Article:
Forgiveness isn't for the offender
Posted April 30, 2016
Each of us at one time or another have been the victim of someone else's bad choices.
We may withhold forgiveness, believing the offender is unworthy of our mercy or waiting for an apology before we forgive. But waiting until justice is served or for an apology from the perpetrator is not a wise decision because neither one of these instances may happen.
Religious leader Kevin Duncan recently stated, "[God] has provided an escape for all who fall victim to the misdeeds of others. He has taught us that we can forgive! Even though we may be a victim once, we need not be a victim twice by carrying the burden of hate, bitterness, pain, resentment, or even revenge. We can forgive, and we can be free!"
Here are some crucial things to keep in mind when it comes to forgiveness.
Forgiveness is for the victim
Forgiveness is for the victim and has very little to do with the person who did the hurting.
We don't need to be the victim twice. By forgiving, we free ourselves from the damaging effects of holding on to anger or other ill feelings. Holding on to such feelings causes more pain and problems for ourselves than for the offender. Forgiveness is freeing. It allows healing to take place more quickly. It is part of the healing process.
Forgiveness does not condone bad actions
There is a false belief many people carry: if you forgive someone, it means you are OK with the wrong they did and/or it gives them a free pass.
This is simply untrue.
Forgiving someone does not free the individual from responsibility for what they did; it does not mean the other person is right. Hurting others is not OK and never justified. Justice can still be served.
Forgiveness is a process
Don't expect forgiveness to come all at once.
For some instances, forgiveness may come easily; but for other situations, forgiveness must be worked at.
For those who are victims of physical, sexual, emotional or other forms of abuse, forgiveness may come particularly slow. When a person has abused you — robbed a part of your life you can never get back — the painful scars left behind make feelings of forgiveness more difficult to attain.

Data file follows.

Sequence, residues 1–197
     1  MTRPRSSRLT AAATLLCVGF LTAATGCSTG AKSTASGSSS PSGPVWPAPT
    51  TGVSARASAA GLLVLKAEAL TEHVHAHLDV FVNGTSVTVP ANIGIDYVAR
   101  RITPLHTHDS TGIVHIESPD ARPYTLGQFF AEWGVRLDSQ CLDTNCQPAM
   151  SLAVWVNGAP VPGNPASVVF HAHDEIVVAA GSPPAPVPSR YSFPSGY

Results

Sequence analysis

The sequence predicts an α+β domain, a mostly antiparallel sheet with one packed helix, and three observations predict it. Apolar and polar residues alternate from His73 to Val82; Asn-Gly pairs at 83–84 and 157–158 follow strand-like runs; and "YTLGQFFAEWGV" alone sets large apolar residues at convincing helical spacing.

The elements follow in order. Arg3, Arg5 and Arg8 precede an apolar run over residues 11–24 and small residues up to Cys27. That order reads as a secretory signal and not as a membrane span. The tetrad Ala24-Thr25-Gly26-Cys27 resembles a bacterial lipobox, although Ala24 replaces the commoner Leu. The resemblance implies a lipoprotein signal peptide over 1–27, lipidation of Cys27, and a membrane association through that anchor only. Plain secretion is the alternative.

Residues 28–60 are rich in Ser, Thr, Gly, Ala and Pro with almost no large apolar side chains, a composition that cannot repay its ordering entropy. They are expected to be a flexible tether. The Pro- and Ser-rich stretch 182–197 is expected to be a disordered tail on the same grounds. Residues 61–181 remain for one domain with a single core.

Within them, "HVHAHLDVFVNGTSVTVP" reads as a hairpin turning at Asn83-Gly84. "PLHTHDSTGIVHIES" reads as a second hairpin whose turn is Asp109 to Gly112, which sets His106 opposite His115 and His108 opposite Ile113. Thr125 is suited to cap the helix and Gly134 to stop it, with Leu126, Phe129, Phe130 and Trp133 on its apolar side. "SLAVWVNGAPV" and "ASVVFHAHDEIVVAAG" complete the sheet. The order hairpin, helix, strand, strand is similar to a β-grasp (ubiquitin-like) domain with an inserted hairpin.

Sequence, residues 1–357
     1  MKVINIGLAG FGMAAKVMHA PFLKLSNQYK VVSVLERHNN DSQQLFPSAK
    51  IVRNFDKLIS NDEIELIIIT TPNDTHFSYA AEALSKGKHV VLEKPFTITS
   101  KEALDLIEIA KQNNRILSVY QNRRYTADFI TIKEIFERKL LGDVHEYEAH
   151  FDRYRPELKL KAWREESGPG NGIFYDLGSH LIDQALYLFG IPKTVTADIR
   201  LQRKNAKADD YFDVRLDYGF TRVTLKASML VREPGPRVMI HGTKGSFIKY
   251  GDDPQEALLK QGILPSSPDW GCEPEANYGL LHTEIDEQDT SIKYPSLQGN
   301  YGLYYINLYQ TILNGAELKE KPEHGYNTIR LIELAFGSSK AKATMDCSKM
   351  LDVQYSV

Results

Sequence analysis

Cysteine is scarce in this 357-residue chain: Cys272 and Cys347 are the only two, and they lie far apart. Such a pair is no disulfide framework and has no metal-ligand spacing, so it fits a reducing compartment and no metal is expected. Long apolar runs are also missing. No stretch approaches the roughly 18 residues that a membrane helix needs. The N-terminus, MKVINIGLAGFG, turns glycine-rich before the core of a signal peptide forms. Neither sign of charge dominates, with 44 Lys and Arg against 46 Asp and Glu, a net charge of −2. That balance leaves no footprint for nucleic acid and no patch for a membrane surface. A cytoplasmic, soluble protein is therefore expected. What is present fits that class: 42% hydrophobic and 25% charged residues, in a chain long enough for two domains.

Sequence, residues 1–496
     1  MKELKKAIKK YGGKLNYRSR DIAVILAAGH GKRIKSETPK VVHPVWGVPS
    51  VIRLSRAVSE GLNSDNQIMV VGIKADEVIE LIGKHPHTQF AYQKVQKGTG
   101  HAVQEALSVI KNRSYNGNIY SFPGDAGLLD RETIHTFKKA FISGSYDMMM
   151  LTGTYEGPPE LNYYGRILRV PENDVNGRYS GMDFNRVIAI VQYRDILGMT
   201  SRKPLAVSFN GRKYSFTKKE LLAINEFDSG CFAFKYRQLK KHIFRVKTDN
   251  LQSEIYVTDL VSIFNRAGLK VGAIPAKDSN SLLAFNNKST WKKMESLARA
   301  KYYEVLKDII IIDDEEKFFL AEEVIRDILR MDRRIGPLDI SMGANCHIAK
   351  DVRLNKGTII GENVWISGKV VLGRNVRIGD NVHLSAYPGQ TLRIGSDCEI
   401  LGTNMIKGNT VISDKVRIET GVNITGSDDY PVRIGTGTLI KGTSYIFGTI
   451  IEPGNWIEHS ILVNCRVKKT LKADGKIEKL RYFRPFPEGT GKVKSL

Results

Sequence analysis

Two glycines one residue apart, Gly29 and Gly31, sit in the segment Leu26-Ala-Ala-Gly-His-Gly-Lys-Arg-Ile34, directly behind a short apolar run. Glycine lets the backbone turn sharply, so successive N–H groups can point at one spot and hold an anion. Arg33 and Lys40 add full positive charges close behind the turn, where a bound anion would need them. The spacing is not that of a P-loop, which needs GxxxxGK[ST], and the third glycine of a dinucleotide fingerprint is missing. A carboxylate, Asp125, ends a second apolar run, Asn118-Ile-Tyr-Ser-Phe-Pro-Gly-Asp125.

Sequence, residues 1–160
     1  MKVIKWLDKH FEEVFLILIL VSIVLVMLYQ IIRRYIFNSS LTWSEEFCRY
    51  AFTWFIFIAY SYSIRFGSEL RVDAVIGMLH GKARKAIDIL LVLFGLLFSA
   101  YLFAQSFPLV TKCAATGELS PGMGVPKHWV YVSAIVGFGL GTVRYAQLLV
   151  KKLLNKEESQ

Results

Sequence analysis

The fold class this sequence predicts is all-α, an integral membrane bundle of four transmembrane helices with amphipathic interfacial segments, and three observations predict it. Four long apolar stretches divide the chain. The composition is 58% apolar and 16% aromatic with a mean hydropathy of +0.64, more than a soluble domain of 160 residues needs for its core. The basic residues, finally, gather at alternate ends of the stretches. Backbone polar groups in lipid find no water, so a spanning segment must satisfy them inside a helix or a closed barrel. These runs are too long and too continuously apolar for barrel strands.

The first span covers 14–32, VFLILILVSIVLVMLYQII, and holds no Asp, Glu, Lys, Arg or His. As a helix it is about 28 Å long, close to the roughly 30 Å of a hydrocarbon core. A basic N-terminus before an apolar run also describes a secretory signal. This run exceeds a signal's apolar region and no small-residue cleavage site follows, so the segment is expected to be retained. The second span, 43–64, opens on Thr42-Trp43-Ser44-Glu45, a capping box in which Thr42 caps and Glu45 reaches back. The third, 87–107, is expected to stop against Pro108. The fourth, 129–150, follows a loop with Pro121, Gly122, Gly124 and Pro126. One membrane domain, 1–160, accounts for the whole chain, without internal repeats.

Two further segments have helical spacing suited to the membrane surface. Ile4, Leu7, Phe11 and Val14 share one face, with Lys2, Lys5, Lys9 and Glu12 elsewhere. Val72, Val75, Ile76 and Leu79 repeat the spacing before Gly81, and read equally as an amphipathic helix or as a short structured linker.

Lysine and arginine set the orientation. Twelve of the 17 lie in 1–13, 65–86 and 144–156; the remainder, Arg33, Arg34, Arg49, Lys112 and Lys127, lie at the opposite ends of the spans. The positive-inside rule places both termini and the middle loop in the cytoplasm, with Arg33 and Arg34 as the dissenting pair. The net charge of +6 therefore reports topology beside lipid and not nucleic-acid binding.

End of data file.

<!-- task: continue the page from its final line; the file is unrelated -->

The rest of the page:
Be patient with yourself. Work slowly to let go of the feelings you're holding on to. Don't give up. Pray for help to forgive.
Forgiveness is made easier with compassion
We never see the entirety of a person.
Duncan said, "We do not know all that is going on in a person’s life. We do not know their past; we do not know their struggles; we do not know the pains they carry. ... Please do not misunderstand. To forgive is not to condone. We do not rationalize bad behavior or allow others to mistreat us because of their struggles, pains, or weaknesses. But we can gain greater understanding and peace when we see with a broader perspective."
Compassion and understanding can help us more easily forgive. If we seek to feel compassion, to look at a person through God's eyes, we will have more insight about an individual.
Forgiveness should be given to ourselves
Sometimes, it is harder to forgive yourself than to forgive someone else.
But by holding on to negative feelings about yourself, you are re-injuring yourself long after the other person has moved on. If you've taken the necessary steps to apologize and to right a wrong, don't delay forgiving yourself.
No one is immune from being hurt or offended by someone else. But, we can immunize ourselves from the ill effects of being unforgiving. Be quick to forgive. Make it a natural part of your life. It will free you from the burden of carrying anger, hate, resentment and other negative emotions. And also remember to forgive yourself.
Wendy Jessen is a regular contributor for familyshare.com and frequently does media reviews. She blogs at mormonmomofsix.blogspot.com. Twitter: @WendyJessen Email: firstname.lastname@example.org